DB: It’s not damaging, what it is is there’s no balance. The lack of balance came from the corporate structure because record companies only want what’s specifically selling right now. So if gangster rap is selling that’s the only thing that they’ll put money behind. We talk all that positive shit, I did Death of a Pop Star. What the fuck you think happened to my pocket? We talk about that good music shit, but we don’t buy good music! None of us! We all like sex, drugs and video games, homey, and that’s what I’m talking about in this album. It ain’t detrimental to kids, and it ain’t about rap music, America is based on sex, drugs and video games. You find me a wholesome TV show in America. You show me a wholesome aspect of the news. They only talk about rap music because it’s young Black men, but that’s society as a whole. 16 and Pregnant? C’mon, that’s some bullshit, but nobody ever talks about that bullshit.

AB: I think it’s interesting that you do put, and I think deservedly so, a lot of the onus on the consumer for continuing to consume this. So how can you create a more educated consumer?

DB: The thing is I don’t place the blame directly on the consumer because I again ask the question, if the only stimuli you ever get is sex, drugs and video games what do you expect our children to regurgitate? It’s not just rap music, it’s video games, it’s television it’s the news. When I was watching Spiderman growing up all I ever saw Black people as is thieves. Then as we got older they started putting Black people in comic books and they gave us Green Lantern and Aquaman. Our kids don’t want to be Green Lantern and Aquaman! Fuck Green Lantern! He was a hoe! Aquaman was a fucking hoe! I don’t want to be Aquaman, I want to be Superman, but if they ever made us Superman they would shut down the movies and comic books. They made Idris Elba a god in Thor and America almost pissed on theyself. How are you gonna make a Black man a god? They put Black folks in Hunger Games and they almost shit on theyself. And then you wonder why we act and rap the way that we do. The last six movies I was in I was selling drugs and riding in an Escalade because I’m over 6’2″ and I’m dark skinned. America doesn’t see me any other way. They don’t WANT to see me any other way.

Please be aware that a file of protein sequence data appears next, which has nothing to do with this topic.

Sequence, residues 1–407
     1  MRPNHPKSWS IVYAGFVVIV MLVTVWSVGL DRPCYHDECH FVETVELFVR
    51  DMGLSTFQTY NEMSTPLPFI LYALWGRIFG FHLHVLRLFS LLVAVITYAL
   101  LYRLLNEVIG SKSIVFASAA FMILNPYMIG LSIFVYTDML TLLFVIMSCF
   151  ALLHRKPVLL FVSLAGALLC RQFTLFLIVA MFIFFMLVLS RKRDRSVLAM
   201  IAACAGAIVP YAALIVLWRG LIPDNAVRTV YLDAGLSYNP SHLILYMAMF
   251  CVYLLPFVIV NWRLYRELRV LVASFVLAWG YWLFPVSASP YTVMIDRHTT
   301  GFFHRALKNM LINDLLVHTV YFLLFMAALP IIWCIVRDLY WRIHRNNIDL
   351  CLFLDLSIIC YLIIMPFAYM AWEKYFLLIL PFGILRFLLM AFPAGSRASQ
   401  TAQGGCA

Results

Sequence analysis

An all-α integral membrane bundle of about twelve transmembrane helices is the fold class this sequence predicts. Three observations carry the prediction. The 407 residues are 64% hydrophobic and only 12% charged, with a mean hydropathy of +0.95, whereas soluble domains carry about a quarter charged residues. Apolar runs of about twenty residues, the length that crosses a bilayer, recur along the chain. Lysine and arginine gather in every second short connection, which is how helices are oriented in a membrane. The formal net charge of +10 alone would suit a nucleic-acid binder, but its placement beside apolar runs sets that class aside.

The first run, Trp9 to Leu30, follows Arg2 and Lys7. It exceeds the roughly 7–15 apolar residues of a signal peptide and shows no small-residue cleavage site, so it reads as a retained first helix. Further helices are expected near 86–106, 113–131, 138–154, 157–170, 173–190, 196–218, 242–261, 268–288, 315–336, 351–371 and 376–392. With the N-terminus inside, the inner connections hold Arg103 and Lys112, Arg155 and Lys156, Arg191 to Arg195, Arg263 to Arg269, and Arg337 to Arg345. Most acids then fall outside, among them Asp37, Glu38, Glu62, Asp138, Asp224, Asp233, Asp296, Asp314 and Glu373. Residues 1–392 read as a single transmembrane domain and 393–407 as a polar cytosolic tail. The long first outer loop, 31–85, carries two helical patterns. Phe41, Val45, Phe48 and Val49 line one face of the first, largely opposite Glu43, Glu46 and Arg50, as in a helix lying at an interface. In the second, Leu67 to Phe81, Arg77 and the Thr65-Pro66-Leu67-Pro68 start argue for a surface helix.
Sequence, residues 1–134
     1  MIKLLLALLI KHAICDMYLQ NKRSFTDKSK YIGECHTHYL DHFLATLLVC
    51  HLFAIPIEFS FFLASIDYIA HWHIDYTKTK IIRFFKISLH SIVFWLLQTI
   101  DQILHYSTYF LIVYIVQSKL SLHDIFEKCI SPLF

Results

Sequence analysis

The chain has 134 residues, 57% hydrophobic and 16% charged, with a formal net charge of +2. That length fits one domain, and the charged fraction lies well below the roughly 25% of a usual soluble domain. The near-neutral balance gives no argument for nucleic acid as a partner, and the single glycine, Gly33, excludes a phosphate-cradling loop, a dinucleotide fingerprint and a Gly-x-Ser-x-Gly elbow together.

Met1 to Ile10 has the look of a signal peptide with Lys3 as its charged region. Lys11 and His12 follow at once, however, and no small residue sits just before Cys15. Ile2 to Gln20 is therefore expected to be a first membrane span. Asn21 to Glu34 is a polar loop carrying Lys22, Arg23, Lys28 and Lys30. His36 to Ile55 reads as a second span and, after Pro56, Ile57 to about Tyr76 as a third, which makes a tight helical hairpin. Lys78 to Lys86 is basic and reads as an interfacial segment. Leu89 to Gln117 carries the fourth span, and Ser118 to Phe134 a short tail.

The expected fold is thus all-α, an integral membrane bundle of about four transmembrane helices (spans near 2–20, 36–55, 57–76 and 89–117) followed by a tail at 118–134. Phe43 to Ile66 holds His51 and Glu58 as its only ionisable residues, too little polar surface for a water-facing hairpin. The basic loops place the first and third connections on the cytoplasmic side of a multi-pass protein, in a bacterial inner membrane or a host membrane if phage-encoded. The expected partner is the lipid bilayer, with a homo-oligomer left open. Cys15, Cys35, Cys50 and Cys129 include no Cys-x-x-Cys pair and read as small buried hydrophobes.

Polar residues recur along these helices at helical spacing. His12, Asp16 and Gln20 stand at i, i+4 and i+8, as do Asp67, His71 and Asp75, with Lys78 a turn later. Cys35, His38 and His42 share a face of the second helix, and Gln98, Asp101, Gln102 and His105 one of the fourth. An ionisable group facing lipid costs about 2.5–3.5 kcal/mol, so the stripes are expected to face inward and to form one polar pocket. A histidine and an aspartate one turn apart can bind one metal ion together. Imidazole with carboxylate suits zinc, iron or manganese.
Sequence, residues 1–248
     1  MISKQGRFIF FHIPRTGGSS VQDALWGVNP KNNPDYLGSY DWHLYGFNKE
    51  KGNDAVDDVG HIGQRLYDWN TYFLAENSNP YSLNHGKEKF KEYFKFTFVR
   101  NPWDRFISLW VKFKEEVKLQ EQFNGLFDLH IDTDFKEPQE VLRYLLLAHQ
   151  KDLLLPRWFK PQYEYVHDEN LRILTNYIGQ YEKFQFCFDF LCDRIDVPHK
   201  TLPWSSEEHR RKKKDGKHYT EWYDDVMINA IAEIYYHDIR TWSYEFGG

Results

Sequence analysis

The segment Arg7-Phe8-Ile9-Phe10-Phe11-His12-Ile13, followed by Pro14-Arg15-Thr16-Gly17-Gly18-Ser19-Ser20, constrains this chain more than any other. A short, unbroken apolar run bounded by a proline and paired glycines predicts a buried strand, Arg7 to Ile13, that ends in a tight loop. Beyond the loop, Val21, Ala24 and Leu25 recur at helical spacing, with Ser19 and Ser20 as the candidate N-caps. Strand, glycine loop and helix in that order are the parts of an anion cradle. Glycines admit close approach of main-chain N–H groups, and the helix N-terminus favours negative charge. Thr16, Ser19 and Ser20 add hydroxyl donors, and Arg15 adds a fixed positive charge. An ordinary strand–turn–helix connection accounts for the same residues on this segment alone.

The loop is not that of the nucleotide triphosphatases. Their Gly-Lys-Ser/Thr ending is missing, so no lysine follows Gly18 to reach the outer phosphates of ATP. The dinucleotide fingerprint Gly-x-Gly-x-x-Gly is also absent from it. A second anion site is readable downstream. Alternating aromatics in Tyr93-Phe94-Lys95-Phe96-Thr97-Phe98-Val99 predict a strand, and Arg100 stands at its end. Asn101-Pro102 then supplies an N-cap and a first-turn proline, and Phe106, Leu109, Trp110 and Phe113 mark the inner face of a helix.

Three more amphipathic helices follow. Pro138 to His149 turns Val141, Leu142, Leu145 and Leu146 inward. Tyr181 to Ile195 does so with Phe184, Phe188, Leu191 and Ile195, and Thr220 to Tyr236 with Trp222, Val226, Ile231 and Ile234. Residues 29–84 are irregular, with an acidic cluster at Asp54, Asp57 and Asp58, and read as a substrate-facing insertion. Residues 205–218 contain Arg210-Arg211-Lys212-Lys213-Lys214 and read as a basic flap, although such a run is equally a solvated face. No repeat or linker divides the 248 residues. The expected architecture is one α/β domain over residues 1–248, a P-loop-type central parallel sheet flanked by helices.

AB: Since we’re talking about race right now, and you’ll be appearing at Harvard’s LA Riots symposium, why do you think, in 2012, it’s still so difficult to have open and frank discussions about race in America?

DB: Because the truth is, homey, the problem in America is that we don’t want to admit that it’s gotten worse. We don’t even want to admit that it exists. Stop lying and saying racial profiling doesn’t exist. They know Black folks don’t have the power to bring drugs into this country. We don’t have planes. We can’t manufacture guns. We don’t have the money to distribute these things and bring them to America. America knows where the problems are. They know who’s distributing the guns and making the real dough, but a lot of them people, they’re friends, so just like rap we blame it on Black folks. It’s documented that the government had something to do with crack in America. Then you turn around and lie in front of everybody and say Black folks is the motherfucking problem.